The Windows Azure Marketplace DataMarket currently supplies two live OData streams and a Social Analytics’ API that incorporate sentiment data about Windows 8 or Bill Gates. I wrote a downloadable Visual Studio 2010 SP1 Windows application that retrieves, displays and summarizes data from the Windows 8 data feed (see Figure 1). This app required almost 500 lines of C# code to generate, display and save the summary data as a comma-separated value (CSV) text file. It took me about a day to code and test; it's probably too complex for most "citizen developers" to program.
Microsoft touts Codename “Data Explorer” (DE) as a way for ordinary PC users to automatically discover data available to download from the Windows Azure Marketplace; enrich data by combining it in mashups with related data from the Marketplace, Web, databases and other data types; and publish results from cloud-based workspaces stored in Windows Azure. DE also is an easily approachable, composable extract-transform-load (ETL) tool that provides many of the capabilities of SQL Server Integration Services (SSIS) without the long learning curve. DE provides a set of tools to manipulate data resources in the sequence you specify (see Figure 2).
Data Explorer lets you emulate a complex set of procedural operations on tabular data, such as those needed to display source data and aggregate the daily buzz and sentiment values shown in Figure 1, by applying tools to resources. The goal of the Data Explorer Mashup is to emulate the Windows client of Figure 1 with a declarative mashup created in a simple UI that is targeted at "citizen developers."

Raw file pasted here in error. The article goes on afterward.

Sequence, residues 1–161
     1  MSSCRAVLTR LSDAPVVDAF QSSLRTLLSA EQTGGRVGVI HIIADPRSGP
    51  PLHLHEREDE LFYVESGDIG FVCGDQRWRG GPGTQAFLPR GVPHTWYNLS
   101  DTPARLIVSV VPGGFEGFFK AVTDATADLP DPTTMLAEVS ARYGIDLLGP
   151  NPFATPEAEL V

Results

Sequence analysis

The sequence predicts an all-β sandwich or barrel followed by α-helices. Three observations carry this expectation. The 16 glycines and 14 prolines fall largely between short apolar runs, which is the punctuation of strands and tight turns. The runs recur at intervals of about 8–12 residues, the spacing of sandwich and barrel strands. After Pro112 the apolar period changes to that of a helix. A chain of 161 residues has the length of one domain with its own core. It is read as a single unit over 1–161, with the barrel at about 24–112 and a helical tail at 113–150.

You can open my public Shared Workspace with live data, as shown in Figure 3, and download the Data Explorer Mashup with live data from the codename “Social Analytics” site on Window Azure to use as a starting point in creating the advanced mashup with summary data. You’ll need an Account Key, which you receive when you use your invitation to sign up for DE, to download the Social Analytics data.
Give Codename “Data Explorer” a test drive with the 41-step, illustrated tutorial on creating a mashup from the Setup and Deployment link. I’m sure you’ll agree that the DE team has a killer big data tool in progress.
Credit: Much of the preceding description was taken from my "Microsoft cloud service lets citizen developers crunch big data" article of January 24, 2012 for the SearchCloudComputing.com, which you can open from the "White Paper" link.
Microsoft Codename "Data Explorer" Mashup with "Social Analytics" Data has not been reviewed by any customers.
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